Social media policies are another hot and constantly developing area of the law today. For this month’s post, I am following up on Jessica’s post about making sure your social media policy is up to date. Her post gave some great advice and examples of how to approach putting together a social media policy for your website. As she mentioned, the National Labor Relations Board has released a number of decisions recently about the use of social media in the workplace, and guidance about how employers should tread in making decisions about policies and decisions in regard to their employees’ use of social media in the U.S.
This post is by no means meant to be exhaustive in its coverage of the potential applicable laws and guidance out there to help in drafting a social media policy, but is intended to help get you start with a good foundation of guidance that will help you keep your policy up to date. There is not currently a lot of case law on social media specifically, so it is important to monitor new developments that may impact your social media policy and what it needs to address. The particular country or state in which you live or operate your business can determine which laws and regulations apply to you, and can help guide the process of drafting or updating your social media policy. Jurisdiction is playing an increasingly important role as various states and countries try to formulate laws to address the use of social media. For example, the Missouri state legislature passed a law earlier this year that banned the interaction of teachers and students on Facebook. It was recently repealed after quite a bit of uproar and controversy, and demonstrates how quickly the applicable law regarding your use of social media can change.
In evaluating your needs in terms of a social media policy, I would start with considering the answers to the following questions:
- Where are you located/operating?
- What type of business are you in?
- What type of information will be shared or stored on your site?
- Who is your audience?
- Who will be monitoring the social media sites?
- What training will need to be done for those employees or volunteers monitoring the sites?
- Who is responsible for monitoring changes to the law and updating the policy?
In addition to the NLRB guidance, another important resource to follow in regard to social media is the Federal Trade Commission (FTC). The FTC has been increasingly creating rules in regard to companies’ use of social media, as well as enforcing them when these rules are violated. In the U.S., the FTC’s focus has increasingly been on the safety of children online, as well as the disclosure of advertising or endorsement relationships by social media users. There are companies trying to help individuals and businesses comply with the disclosure requirements, such as cmp.ly, which provides a range of disclosure tools that work across the spectrum of social media platforms, as well as regulatory frameworks. The FTC also enforces the COPPA regulations that are intended to keep kids safe online, and if your site is going to market to children, you will need to ensure that your social media policy complies with these regulations, and that you stay up to date in this regard. Please see my earlier post on COPPA to learn more.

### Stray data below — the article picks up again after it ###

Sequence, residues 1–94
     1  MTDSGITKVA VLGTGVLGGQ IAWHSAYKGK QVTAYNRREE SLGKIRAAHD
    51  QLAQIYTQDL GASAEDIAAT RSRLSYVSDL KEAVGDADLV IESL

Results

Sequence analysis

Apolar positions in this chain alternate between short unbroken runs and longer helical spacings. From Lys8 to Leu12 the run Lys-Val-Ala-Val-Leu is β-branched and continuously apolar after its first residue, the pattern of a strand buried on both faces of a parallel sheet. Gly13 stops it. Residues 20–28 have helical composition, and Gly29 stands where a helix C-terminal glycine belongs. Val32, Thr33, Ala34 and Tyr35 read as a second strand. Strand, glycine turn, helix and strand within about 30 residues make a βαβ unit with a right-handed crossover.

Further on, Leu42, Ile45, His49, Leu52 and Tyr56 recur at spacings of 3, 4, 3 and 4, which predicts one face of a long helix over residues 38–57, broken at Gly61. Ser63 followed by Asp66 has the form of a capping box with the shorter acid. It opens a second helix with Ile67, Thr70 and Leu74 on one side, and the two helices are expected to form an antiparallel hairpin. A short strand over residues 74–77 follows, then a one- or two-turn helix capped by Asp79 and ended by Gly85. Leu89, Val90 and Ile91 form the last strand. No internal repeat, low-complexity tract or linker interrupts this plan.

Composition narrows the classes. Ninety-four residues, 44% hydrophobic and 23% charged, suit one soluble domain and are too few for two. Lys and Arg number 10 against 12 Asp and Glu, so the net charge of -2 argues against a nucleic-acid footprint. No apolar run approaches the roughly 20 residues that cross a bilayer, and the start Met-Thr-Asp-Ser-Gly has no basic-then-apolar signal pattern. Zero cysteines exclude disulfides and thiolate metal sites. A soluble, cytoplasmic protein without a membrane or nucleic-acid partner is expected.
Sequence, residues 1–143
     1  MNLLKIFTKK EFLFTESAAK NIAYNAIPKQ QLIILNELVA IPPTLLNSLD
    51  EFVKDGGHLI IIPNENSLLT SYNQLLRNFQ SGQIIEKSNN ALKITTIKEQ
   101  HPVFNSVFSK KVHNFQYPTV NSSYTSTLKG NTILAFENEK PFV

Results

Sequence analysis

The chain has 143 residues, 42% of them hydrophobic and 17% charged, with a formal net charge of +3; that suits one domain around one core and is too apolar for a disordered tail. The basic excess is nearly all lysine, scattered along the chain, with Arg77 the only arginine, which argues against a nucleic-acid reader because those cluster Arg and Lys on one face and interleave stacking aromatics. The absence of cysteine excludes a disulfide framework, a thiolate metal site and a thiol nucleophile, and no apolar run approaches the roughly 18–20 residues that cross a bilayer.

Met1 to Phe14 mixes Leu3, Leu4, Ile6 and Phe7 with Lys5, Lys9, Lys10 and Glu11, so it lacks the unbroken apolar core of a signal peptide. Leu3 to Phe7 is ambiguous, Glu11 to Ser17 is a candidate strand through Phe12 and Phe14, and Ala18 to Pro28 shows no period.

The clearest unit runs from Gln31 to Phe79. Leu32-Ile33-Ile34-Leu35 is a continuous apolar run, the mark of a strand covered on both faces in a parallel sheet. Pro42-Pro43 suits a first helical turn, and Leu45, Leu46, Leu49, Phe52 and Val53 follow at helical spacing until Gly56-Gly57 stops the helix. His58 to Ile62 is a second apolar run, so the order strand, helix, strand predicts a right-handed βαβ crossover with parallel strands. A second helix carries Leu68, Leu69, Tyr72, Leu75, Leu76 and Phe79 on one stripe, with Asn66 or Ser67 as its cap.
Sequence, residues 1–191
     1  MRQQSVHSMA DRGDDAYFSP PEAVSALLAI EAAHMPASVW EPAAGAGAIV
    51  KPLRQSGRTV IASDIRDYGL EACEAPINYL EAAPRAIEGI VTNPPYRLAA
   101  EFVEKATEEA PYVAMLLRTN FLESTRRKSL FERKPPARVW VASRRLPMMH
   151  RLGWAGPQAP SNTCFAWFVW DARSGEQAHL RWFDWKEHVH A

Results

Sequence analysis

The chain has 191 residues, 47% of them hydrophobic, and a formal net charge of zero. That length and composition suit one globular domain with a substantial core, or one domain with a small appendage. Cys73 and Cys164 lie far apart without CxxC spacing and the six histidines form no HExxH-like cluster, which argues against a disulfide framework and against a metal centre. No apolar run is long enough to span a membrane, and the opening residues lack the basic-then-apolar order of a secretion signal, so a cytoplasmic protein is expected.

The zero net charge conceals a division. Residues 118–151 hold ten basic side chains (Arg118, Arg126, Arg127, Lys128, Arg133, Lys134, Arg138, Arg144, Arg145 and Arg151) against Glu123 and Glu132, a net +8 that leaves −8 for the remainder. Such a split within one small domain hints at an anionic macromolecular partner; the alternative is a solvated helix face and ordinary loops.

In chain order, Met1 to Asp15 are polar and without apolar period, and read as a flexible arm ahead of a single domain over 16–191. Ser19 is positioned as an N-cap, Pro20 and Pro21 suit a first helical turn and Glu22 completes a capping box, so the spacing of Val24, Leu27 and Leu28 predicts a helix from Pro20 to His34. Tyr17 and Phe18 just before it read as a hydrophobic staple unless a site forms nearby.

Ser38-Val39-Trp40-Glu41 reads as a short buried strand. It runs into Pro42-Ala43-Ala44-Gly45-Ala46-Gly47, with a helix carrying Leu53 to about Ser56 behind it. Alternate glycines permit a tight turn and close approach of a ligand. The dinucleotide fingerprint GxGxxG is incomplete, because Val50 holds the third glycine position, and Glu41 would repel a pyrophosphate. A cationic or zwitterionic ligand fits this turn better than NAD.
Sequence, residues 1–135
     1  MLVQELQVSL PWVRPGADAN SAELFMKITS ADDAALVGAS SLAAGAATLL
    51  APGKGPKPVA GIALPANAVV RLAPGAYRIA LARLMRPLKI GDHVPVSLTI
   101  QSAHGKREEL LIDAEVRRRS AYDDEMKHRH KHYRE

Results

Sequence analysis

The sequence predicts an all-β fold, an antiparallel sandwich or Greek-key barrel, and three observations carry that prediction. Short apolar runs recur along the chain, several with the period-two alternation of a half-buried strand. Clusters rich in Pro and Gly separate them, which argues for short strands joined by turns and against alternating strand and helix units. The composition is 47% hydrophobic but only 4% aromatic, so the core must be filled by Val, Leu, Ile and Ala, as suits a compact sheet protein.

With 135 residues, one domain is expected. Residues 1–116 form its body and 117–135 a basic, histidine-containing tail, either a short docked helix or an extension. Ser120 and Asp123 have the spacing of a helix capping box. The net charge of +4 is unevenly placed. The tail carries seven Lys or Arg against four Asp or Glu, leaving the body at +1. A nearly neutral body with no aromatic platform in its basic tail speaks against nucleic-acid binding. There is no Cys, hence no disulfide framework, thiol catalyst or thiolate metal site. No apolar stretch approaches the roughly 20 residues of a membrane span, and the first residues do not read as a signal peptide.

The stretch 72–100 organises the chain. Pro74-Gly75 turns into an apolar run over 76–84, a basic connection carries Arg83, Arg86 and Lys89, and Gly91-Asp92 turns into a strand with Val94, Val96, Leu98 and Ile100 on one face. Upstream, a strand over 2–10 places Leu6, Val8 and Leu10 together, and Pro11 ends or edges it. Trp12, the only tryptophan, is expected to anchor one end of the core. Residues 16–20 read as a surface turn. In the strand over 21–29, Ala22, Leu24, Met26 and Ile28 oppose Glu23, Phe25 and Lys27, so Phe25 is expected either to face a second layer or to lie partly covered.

As I mentioned, an important consideration when drafting your social media and other policies is what type of business you are in, and how the applicable regulations interface with the business’ use of social media. For example, if your company is in a highly regulated industry like healthcare, there may be medical privacy laws and advertising regulations that come into play. Recently, Johnson and Johnson and other healthcare companies made headlines when it was revealed that Facebook had allowed the company to block users’ ability to post on the company’s wall. The company stated that they had asked for this ability as a means of trying to avoid potential violations of pharmaceutical advertising regulations in the form of user posts. However, Facebook then announced a change of policy that would mean drug companies would have open walls on which users could post as they wished. While pages for specific prescription drugs would still feature the ability for the companies to block problematic posts, more general disease-focused sites would not allow such blocking. This change caused several companies such as Astra-Zeneca and Johnson and Johnson to close their pages.
Evaluating the potential risk of violating regulations or other laws that may be present in your use of social media is an important consideration in the process of updating your policy, particularly if you are in a highly regulated industry. If a regulation has changed in regard to how you or your company use social media, you will need to not only evaluate the risk, but also think of how you can make changes to your policies and procedures to help comply. It may be a matter of training your employees on how to interact via social media on behalf of the company and remain in compliance with applicable regulations, such as HIPAA in the U.S. Holding periodic refresher courses to help keep your employees up to date is also a good idea.
There are a lot of topics that come into play with topics like privacy and social media policies. I hope to cover many more of them in future posts. I hope this post has been helpful and will generate some great discussion for you, both here on the Social Media Club site, and in your daily lives. Remember, one of the best ways to try and comply is to arm yourself with good information. As always, this post is intended to inform and entertain, and is not meant to be legal advice or the substitute for the advice of counsel licensed in your particular jurisdiction.